Scientists at the University of California – Davis are aiming to curb the number of brachial plexus birth injuries through a study that includes data taken from millions of families at hospitals throughout California.
A brachial plexus birth injury, known as a BPBI, affects between one and three newborns out of 1,000 every year and is the leading cause of infants’ upper extremity paralysis. The condition involves the nerves of the brachial plexus, located between the neck and shoulders, which control muscle function in the chest, shoulder, arms and hands.
A BPBI occurs when the nerves are damaged during childbirth, often the result of shoulder dystocia, a condition where the baby’s shoulder becomes stuck on one side of the pubic bone after the head has come through. The nerves are stretched, compressed, or torn, resulting in a loss of muscle function or paralysis.
Brachial Plexus Birth Injury Study
The researchers are studying data from more than 11 million births from 1991-2012 to evaluate the association of maternal factors, prenatal care utilization and hospital characteristics.
The data includes the mother’s demographic, social, economic, geographic and health information for the nine months before and the 12 months after delivery, as well as their infants’ demographic, social and health information from birth through the first year of life.
Dr. Mary Claire Manske, an orthopedic surgeon at UC Davis, is the head of the project and director of the Brachial Plexus Birth Injury Center. In an article for UC-Davis, she explained when it comes to BPBI, studying both mother and child is paramount in creating a “predictive risk model’’ and will lead to new intervention strategies to reduce the risks of a newborn contracting BPBI.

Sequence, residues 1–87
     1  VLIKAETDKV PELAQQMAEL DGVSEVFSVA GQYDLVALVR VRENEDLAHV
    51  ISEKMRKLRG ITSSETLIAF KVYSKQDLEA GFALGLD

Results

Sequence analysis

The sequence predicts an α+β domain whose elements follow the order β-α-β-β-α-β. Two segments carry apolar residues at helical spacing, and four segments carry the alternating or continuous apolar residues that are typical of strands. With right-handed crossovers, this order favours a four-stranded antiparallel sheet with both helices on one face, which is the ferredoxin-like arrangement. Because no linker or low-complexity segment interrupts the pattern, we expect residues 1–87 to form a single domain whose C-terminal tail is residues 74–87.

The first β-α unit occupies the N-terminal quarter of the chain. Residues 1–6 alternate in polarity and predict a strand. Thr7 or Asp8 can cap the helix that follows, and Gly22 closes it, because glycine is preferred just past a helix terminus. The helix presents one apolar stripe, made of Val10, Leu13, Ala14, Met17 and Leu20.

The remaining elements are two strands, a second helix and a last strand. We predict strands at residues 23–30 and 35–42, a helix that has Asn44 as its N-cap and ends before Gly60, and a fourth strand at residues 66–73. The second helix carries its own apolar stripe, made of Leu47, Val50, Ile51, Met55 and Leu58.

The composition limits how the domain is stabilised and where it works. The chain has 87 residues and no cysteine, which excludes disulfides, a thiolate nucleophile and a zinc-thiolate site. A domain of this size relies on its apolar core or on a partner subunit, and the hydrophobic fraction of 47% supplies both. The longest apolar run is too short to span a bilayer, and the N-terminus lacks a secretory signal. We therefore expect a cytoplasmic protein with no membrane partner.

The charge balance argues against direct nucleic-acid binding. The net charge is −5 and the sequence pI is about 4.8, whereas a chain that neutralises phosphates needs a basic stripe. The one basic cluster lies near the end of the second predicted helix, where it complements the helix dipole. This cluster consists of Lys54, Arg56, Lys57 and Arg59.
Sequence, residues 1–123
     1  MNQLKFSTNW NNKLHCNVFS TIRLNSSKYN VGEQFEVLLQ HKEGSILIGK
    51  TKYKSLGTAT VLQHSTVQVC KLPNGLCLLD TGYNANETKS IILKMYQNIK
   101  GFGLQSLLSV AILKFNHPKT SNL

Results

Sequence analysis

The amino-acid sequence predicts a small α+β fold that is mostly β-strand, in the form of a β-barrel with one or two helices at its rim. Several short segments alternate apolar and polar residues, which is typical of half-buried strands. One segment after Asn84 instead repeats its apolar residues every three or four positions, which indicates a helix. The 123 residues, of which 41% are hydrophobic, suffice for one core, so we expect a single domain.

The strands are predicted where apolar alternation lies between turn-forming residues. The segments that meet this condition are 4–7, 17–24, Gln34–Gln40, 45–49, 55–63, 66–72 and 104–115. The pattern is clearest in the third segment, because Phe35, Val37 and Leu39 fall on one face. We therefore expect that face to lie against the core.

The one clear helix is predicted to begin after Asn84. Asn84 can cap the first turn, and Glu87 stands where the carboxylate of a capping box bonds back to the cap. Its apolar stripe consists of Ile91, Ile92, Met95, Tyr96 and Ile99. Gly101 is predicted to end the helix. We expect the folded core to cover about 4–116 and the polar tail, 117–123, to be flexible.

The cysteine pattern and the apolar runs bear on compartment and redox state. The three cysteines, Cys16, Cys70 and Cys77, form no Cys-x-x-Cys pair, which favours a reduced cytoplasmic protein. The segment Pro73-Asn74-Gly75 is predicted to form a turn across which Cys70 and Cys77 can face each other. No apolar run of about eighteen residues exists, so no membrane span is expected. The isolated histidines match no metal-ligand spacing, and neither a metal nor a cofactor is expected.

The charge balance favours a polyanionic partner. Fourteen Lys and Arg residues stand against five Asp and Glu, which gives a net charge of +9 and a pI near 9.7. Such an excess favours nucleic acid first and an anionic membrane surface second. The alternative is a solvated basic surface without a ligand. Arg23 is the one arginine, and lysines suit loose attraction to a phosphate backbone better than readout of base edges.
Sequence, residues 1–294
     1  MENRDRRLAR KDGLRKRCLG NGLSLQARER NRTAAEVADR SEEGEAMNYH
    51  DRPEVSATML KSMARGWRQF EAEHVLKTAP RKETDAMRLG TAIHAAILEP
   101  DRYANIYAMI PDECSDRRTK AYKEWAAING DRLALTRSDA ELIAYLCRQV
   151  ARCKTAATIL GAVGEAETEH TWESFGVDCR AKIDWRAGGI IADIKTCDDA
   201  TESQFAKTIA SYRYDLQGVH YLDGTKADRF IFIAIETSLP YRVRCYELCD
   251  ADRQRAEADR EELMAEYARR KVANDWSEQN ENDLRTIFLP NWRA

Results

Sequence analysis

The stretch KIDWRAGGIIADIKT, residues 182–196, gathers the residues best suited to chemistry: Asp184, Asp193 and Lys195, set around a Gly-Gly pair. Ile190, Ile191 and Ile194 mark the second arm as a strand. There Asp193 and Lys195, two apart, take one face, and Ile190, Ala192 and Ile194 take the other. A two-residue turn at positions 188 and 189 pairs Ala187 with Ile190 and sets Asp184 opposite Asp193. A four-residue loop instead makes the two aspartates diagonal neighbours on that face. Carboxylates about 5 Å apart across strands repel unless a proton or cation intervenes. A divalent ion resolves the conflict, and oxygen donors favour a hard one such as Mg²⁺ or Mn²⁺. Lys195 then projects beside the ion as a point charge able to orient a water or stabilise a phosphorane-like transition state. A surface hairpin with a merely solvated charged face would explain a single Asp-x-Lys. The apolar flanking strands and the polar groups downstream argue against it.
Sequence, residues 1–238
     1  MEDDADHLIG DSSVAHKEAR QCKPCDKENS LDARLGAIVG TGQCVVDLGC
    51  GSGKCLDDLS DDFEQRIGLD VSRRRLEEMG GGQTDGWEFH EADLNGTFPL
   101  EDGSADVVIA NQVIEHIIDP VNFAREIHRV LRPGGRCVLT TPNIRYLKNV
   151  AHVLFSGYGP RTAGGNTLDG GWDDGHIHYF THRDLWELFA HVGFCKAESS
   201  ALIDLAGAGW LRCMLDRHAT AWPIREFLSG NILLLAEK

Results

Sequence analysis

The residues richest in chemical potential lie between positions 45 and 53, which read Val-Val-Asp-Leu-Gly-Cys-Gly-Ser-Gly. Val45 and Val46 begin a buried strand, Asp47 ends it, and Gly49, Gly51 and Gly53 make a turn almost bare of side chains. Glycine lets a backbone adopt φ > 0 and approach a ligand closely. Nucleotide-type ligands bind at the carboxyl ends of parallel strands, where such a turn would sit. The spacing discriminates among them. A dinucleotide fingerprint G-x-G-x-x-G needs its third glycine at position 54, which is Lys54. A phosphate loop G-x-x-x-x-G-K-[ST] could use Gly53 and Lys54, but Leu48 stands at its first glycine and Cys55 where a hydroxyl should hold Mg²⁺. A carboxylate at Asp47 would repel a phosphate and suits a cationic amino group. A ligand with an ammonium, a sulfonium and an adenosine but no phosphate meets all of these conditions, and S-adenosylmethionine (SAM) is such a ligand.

Manske also hopes the study will facilitate public health initiatives to address disparities in BPBI risk and support prevention efforts. “The broader impact of this work is better collaborations among the different providers involved in this multidisciplinary condition,” she said.
How Do Brachial Plexus Birth Injuries Happen?
Currently, doctors recognize at least three major causes of BPBI. They include a mother having a breech birth, if the baby’s shoulders are too big to fit through the birth canal or if the mother has long labor.
Sometimes a brachial plexus birth injury is a result beyond the control of the medical community. However, families need to recognize that if the doctor or the delivery team does not take necessary precautions to avoid birth trauma, or if the doctors fail to address the condition, they should be held responsible for the child’s injuries, which could worsen over time.
Types of Brachial Plexus Birth Injuries
All brachial plexus birth injury cases are not alike. When a BPBI occurs during childbirth, the result is usually either Erb’s palsy or Klumpke’s palsy.
Erb’s Palsy affects the nerves between the shoulder and the elbow, and the victim can lose feeling or have weakness in one arm or experience partial or total paralysis.
Klumpke’s palsy, which affects the hand’s nerves, is often more severe and can include more symptoms than Erb’s palsy. Symptoms of Klumpke’s palsy could include:
- Atrophy in the muscles of the forearm or hand
- A condition identified as “claw hand” causes the forearm to lie flat while the wrist and fingers are tightened
- Horner’s syndrome, which is drooping of the eyelid on one side of the face